Managing, operating and maintaining IT departments and your data center and that kind of thing is one skill set, but I think healthcare IT is far beyond that now in terms of what the expectations are. It’s been a discovery process. I am really strongly emphasizing the education here. Organizational leadership wants to understand and know how IT works on a business level, what decisions go in. They want the same level of rational and accountability that they expect from any other business process. But I think it’s often been a mystery because it’s difficult to understand its acronym and jargon, and there is a lot of fluff and puff and promises in the IT industry that don’t necessarily translate to better outcomes in healthcare. So I think the CIO has to not only be a great relationship builder, but also an educator.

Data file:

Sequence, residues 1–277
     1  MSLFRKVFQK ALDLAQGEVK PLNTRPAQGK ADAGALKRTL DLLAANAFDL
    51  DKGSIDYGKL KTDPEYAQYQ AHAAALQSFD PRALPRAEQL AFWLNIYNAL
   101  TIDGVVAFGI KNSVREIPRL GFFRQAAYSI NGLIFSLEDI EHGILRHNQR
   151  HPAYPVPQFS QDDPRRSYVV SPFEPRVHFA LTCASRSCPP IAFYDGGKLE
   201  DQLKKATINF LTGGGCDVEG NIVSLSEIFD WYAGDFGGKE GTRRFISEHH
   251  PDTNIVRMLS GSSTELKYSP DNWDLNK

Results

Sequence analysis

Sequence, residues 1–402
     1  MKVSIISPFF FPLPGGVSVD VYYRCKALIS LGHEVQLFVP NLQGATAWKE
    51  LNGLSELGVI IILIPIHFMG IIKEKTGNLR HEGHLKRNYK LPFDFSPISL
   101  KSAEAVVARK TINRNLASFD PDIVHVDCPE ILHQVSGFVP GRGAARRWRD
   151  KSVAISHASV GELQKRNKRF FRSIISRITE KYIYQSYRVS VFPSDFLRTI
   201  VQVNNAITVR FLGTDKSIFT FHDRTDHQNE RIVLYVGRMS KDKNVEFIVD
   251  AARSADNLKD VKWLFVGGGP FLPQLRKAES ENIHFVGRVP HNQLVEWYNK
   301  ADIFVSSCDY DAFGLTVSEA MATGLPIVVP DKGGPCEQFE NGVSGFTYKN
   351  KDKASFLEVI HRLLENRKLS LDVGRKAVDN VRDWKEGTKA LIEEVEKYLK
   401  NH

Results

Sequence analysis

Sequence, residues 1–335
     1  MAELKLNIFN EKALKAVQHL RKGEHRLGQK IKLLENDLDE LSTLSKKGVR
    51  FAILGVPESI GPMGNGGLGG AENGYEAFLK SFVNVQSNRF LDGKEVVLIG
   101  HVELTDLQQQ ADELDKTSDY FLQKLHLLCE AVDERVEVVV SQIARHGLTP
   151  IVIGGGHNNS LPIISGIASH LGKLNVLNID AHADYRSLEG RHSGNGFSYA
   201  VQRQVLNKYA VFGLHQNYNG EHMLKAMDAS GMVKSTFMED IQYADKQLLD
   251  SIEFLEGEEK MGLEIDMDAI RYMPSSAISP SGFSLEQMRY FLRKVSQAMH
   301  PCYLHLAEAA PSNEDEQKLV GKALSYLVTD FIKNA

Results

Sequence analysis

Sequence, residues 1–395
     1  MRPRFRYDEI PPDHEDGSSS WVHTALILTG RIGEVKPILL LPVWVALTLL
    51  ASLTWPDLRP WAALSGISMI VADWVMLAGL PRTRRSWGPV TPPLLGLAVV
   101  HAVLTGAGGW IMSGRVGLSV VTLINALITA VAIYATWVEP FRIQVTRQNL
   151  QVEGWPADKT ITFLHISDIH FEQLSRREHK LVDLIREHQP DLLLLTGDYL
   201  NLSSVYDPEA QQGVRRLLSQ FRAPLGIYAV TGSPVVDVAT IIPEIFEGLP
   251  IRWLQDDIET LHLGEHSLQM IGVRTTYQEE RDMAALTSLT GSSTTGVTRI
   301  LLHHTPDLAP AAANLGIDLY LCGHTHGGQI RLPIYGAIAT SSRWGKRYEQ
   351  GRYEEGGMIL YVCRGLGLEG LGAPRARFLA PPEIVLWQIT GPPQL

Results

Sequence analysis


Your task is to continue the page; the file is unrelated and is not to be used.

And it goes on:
AG: Some clinical systems are better sold to the executive committee as patient safety must-haves, rather than pure-play ROI deals. How do you handle that situation? What standards are you being held to in terms of establishing ROI for all your investments?

BW: I think ROI is typically the way we assess how we are going to invest, but in a limited area where capital is capitated we only have so much to invest. So I think we also need to build a case for how we are improving quality outcomes. I think the investments that we are making into CHW are a great testament to our mission of improving care. I think as healthcare continues to transform, the acute care model most likely is going to change in the longer run. We have to position ourselves for how we are going to reach the communities and how we are going to equip the physicians in an extended network of care.